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After a challenger emerged for the presidency of the UCI on Tuesday, the current president drafted a letter to the heads of national cycling federations, tearing down the man who hopes to replace him.
Pat McQuaid has steered the UCI since 2006, but has come under fire for, among other things, the governing body’s reaction to the Lance Armstrong scandal, and its attempt to take control of the investigation from the U.S. Anti-Doping Agency.
The challenger, British Cycling leader Brian Cookson, said it was time to restore “credibility” to cycling, and that he was the man to do it after piloting Great Britain’s program from the financial basement to riches of Olympic medals, thanks to Bradley Wiggins and Chris Hoy.
McQuaid, however, would disagree. In a letter dated June 3, 2013, and sent via e-mail to national cycling federations, McQuaid attacked those looking for change at the sport’s very top, labeling them as “a small group of activists” who would stop at nothing to derail his reelection as UCI president.
“Their agenda is narrow and negative. They have nothing positive or constructive to offer in discussions about cycling’s future. I am grateful to Swiss Cycling for their nomination, as well as to the Board of Cycling Ireland for their endorsement of my nomination, which was only withdrawn for a procedural technicality,” McQuaid wrote. “Second, over the past few weeks, I have received a number of veiled threats whose clear intention has been to try to force me to withdraw my candidacy. You can be sure, however, that I will not be intimidated by people who have no interest in transparent democracy, either now or in the future.”
The letter carried an attacking tenor throughout, and offers a glimpse of the backdoor struggle to maintain power in a sport that is constantly trying to molt its scandalous skin. Australian apparel company Skins, owned by McQuaid critic Jaimie Fuller, published the letter. In it, McQuaid sought to create doubt around the Cookson candidacy through various means.
McQuaid wrote that Cookson’s entrance into the fray would no doubt please those “activists” opposed to his tenure, and also that he found Cookson’s desire to be UCI president “an odd one for a number of different reasons,” notably because Cookson had previously said he would not run for the top UCI post, both in an interview and in a letter to McQuaid himself.
McQuaid’s letter accuses a former UCI Management Committee member of organizing opposition against him and of manipulating cycling-related elections, and even alleges a ProTeam team owner, Katusha’s Igor Makarov, of engaging in “underhanded” activities to prompt a candidate to run for UCI leadership who may not have done so otherwise. McQuaid also expressed concern over a donation made by Makarov’s company to the European Cycling Union prior to elections.
“I believe that democracy is best served if the UCI Congress has a choice between different candidates. However, I am very concerned that democracy is not served if underhand activities prompt individuals to run for presidency who otherwise might not have done so,” McQuaid wrote. “I fear Mr. Cookson may be a pawn in a larger game. Mr. Makarov, owner of Katusha, has expressed his anger on a number of occasions that the UCI Licence Commission denied his team a place in the 2013 WorldTour for ‘ethical reasons.’ The independence and impartiality of the License Commission is exactly the sort of positive step forward that the UCI has taken in the past decade.”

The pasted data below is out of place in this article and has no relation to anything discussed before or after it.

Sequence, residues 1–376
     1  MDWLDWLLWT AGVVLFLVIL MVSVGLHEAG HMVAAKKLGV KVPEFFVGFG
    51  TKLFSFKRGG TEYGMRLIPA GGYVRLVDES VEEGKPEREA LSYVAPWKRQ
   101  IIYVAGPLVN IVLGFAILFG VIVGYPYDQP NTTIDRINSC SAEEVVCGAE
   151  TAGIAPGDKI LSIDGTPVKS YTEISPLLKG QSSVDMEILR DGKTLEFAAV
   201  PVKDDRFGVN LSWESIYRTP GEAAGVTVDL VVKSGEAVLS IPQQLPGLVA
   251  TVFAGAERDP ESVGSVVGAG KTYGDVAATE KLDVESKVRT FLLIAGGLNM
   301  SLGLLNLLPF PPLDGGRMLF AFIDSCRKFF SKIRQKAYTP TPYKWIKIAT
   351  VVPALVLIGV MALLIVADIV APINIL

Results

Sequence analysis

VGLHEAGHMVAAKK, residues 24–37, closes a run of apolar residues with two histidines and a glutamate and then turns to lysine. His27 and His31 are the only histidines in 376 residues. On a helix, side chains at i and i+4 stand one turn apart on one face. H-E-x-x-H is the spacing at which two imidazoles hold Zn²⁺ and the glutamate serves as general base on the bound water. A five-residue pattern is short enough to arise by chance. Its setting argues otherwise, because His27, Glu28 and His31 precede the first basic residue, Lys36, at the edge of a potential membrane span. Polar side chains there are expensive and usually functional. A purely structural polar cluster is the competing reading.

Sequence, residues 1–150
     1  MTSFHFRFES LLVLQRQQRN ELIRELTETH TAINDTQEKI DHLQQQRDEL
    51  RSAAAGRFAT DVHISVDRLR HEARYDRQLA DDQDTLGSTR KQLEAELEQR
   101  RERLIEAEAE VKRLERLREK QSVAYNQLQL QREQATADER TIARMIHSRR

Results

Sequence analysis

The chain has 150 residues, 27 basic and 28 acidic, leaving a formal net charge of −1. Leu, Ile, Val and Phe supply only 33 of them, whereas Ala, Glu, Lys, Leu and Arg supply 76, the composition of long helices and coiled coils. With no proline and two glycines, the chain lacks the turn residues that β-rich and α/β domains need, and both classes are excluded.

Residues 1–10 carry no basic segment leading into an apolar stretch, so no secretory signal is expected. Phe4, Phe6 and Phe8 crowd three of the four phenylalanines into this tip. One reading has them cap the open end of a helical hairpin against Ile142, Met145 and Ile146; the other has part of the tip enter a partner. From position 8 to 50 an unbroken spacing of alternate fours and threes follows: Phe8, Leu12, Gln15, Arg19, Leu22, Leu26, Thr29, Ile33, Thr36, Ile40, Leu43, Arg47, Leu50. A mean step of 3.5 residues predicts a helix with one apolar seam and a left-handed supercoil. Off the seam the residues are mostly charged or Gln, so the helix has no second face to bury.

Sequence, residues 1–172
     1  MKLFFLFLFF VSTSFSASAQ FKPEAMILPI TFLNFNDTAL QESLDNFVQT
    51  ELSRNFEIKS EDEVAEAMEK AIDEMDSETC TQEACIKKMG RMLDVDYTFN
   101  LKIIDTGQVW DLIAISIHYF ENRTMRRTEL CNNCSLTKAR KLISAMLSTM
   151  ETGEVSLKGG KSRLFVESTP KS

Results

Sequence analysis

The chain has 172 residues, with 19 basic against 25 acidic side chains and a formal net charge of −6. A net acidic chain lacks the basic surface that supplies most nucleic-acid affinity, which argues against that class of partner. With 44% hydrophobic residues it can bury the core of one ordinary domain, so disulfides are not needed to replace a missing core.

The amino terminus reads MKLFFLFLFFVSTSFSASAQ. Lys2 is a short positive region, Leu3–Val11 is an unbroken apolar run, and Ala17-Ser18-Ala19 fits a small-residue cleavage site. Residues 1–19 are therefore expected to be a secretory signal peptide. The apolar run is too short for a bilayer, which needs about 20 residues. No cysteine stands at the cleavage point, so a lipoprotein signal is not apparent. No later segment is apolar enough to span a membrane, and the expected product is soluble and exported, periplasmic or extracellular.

Neither Cookson nor Makarov were immediately available for comment on Tuesday afternoon, but a statement from Cookson called the UCI “distracted.”
“…The passion I and many others have for cycling cannot hide the fact that our international body, the UCI, remains hugely distracted, continuing to flounder in waves of damaging historical controversies,” he said. “For far too many people our sport is associated with doping, with decisions that are made behind closed doors and with ceaseless conflicts with important members of the cycling family and other key stakeholders.”
McQuaid’s letter also implored Cookson to answer myriad questions, mostly triangulating around the activities of Makarov and an associate.
“In the coming weeks, I will outline my clear priorities if I have the honor of being elected UCI president once again. My agenda will be global — and not just British, or Irish, or even Russian,” he wrote toward the end of the letter. “I look forward to being judged by you, the global Cycling Family, for what I have objectively achieved for our sport over the past eight years, in particular on my record of successfully developing the sport throughout the world, the phenomenal success of cycling at the Olympic Games, as well as ensuring that the UCI has remained at the forefront of the fight against the scourge of doping in sport.”
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I could also use a (Italian) 70 x 107mm JIS square taper, alternatively or a 70 x 111mm ISO/Campy.
-Mark in St. Louis
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- I'm sure this has been discussed a thousand times. In fact I know it has, but I haven't seen anything for this year. Safe routes out there? Is the bridge route the safest and most fun? Do I need to check out map my ride for cue sheets or anything or just cross the bridge and explore?
What about the state parks? The roads in there okay to ride or is it a dance with campers on narrow park roads?
We're going for an impromptu trip Thursday so I want to find somewhere to ride for a few days. I'm a morning rider, so I'm usually out before 7ish, which I'm hoping increases my odds for a good ride. Haven't been out there in years so for all I know the streets are running with ecoli and urine (based on what I've read).